Sleep Apnea in Children and Bedwetting

A very serious condition in which the affected person ceases to breathe at intervals throughout sleep, sleep apnea can cause a myriad of problems with health and well-being. Not only can it cause fatigue and sleepiness during the day, but sleep apnea also causes a lack of oxygen to the brain and body which can create serious physical as well as learning problems in children.

What is Sleep Apnea in Children?

If you are familiar with the concept of sleep apnea in adults, then you’ll find that some parts of the disorder are very similar when children have it. The basics of sleep apnea are the same in children and adults in that repeated pauses in breathing occur during sleep as the airway is partially or completely blocked. Disrupted breathing during sleep leads to a lack of oxygen which can then result in a variety of other serious health problems.

While many of the symptoms and signs of sleep apnea are the same for adults and children, some of the factors related to sleep apnea in children manifest themselves very differently than when adults have the condition.

Sleep Apnea Child Symptoms

While many of the symptoms of sleep apnea in children are the same as adults, some are different. Here are some of the most common symptoms and signs for children with sleep apnea:

  • Loud snoring (about 10% of children who snore have sleep apnea)
  • Bedwetting (called “Enuresis”)
  • Mouth breathing
  • Daytime sleepiness
  • Difficulty with concentration
  • Observed breathing pauses during sleep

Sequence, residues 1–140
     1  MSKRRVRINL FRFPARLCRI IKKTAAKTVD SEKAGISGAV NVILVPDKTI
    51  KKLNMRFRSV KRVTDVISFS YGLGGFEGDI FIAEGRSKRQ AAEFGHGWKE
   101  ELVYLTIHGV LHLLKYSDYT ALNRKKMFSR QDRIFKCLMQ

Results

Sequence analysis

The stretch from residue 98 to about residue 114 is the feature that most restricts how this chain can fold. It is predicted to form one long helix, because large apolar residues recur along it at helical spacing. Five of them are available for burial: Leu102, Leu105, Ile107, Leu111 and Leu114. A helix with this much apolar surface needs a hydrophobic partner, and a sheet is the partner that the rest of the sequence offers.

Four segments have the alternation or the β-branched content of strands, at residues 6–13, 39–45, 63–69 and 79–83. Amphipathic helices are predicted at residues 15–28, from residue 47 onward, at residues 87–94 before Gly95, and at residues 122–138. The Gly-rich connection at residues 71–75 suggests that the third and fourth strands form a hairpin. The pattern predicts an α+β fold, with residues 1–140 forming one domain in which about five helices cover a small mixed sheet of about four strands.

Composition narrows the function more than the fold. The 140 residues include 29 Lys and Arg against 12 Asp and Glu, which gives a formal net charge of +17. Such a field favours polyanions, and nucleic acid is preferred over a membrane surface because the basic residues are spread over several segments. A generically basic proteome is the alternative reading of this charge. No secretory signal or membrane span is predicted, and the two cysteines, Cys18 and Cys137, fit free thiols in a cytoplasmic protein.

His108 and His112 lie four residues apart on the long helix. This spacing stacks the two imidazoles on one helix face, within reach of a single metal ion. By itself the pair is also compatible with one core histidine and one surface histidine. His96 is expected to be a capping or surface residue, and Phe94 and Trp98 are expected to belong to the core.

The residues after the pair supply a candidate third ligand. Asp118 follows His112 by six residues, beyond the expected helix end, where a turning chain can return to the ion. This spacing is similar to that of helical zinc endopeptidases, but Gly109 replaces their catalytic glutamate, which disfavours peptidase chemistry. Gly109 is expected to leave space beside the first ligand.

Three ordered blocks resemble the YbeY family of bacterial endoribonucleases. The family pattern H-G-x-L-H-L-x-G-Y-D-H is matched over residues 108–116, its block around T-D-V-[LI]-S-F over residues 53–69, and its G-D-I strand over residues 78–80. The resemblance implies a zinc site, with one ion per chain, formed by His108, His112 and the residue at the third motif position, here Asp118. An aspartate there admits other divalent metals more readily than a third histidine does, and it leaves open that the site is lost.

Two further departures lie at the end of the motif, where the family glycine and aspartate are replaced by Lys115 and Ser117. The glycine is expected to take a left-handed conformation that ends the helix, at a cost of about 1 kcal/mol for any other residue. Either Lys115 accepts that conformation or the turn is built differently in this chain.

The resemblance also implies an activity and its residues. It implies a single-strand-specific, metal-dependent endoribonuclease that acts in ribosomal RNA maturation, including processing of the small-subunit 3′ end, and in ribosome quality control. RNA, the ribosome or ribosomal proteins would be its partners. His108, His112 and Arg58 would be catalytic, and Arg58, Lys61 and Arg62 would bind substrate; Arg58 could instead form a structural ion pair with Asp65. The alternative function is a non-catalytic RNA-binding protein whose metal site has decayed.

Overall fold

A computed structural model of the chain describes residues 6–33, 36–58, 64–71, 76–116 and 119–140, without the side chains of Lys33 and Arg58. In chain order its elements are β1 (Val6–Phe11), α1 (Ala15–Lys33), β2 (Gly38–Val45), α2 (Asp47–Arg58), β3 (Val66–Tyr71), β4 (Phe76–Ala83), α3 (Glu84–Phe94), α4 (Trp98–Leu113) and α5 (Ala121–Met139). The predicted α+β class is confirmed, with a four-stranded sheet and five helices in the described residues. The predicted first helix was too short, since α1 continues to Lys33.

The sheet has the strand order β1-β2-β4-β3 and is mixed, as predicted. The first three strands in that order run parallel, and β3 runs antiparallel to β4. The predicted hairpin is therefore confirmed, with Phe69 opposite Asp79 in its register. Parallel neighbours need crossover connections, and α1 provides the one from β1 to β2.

• Poor attention span and memory problems
  • Poor school performance
  • Issues with behavior
  • Hyperactivity
  • Abruptly waking from sleep with a start
  • Waking up with coughing or sensation of choking
  • Activity during sleep such as thrashing

If your child exhibits some or many of these symptoms, you should be aware that they may have sleep disordered breathing, and you should consider speaking to a medical professional about it. Some studies have shown that as many as 25% of children who are diagnosed with attention-deficit hyperactivity disorder (ADHD) actually have sleep apnea. This means that some of the symptoms may be secondary and there’s hope for them to be remedied if the sleep apnea problems are treated.


Because the body is working so hard to get oxygen to the most critical parts, some of the less critical organs may have reduced oxygen levels and reduced activity. This can include the bladder. In adults, this manifests itself in frequent trips to the bathroom during the night. But children who have a less mature bladder may not wake up enough to be able to make it to the bathroom, so bedwetting can become a serious problem. This may also be due to the fact that children who have sleep apnea are often extremely exhausted, so when they are sleeping, they may tend to sleep more deeply and be unable to wake up to go to the bathroom. This can be very upsetting and embarrassing for older children.